Articles on Importing

Entry Of Goods for Import Businesses

What happens when imported goods arrive in the U.S.? If you're an aspiring importer, here's what you'll need to do to receive your products and deliver them to buyers.

Importing and exporting procedures are the grease that keeps the wheels of the global economy turning smoothly.

Each country has a specific procedural process for the goods it exports as well as those that are received on its shores. When the system works, international trade flows freely. When it doesn't, international businesses experience problems, delays, and bottlenecks.

In the U.S., imports are regulated by U.S. Customs & Border Protection (CBP). Reorganized after 9/11, this agency's primary mission is to restrict the importation of shipments that pose a threat to American citizens. Although the collection of import duties also falls under their purview, CBP is an agency within the Department of Homeland Security, the largest law enforcement agency in the U.S. Suffice it to say that CBP doesn't mess around - they take import procedures very seriously. And that means import businesses need to take those procedures seriously, too.

The rules for the entry of goods into the U.S. can be complicated, especially if the products being imported are perishable foods, alcohol, or other special category items. But in general, here's what to expect when you import foreign goods for domestic markets.

Entry of Goods Overview

The entry process for imported goods can be broken down into four stages: (1) Goods arrive at a U.S. port, (2) Entry documents filed, goods are inspected by CBP, (3) Duties are paid or surety bond is posted, (4) Goods are released to importer. Sounds easy, right? Not necessarily. Some types of cargo (e.g. agricultural goods) are subject to additional regulations and most cargo requires the timely completion of "formal entry" documents. To avoid delays, many importers hire customs brokers who specialize in clearing imports through the entry process.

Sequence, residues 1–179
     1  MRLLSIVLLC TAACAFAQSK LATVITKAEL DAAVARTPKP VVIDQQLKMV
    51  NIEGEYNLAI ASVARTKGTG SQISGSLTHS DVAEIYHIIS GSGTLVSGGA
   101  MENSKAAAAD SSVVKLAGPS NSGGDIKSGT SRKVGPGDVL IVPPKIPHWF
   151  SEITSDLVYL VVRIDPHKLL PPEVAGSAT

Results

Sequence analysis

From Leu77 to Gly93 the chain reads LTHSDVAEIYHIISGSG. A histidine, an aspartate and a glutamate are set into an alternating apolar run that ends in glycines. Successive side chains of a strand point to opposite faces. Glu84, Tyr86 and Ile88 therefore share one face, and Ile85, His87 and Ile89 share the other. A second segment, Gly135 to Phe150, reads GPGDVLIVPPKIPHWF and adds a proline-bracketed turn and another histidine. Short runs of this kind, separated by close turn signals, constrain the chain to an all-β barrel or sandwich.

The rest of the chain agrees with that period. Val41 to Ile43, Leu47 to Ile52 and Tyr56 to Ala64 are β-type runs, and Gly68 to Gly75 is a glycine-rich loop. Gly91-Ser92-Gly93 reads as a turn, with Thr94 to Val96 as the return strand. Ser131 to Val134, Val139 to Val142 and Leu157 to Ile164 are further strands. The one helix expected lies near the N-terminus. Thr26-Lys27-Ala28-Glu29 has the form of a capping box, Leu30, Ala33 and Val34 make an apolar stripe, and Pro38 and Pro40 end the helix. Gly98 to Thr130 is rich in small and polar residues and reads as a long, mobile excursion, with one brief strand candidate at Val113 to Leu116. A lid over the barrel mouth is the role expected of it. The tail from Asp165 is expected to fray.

Tips for Importers

  • The Automated Commercial System (ACS) lets carriers, brokers, and importers file entry documents electronically. Although you can still file documents manually, ACS reduces delays from days to hours.
  • Entry documents must be filed within 15 days of the cargo's arrival at a U.S. port. Any cargo that has not been formally entered within 15 days is warehoused at your expense; if you don't pick it up within six months, your merchandise will be sold at auction.
  • There are a handful of mandatory documents that are required for the entry of goods into the U.S. Research CBP requirements before your cargo arrives to avoid unnecessary delays.
  • The entry process isn't exclusively about inspecting imported cargo. Don't forget to make arrangements for a surety bond to cover tariffs and duties. A customs broker can be invaluable for accurately classifying your goods according to the Harmonized Tariff Schedule (HTS) so you can avoid overpayment.

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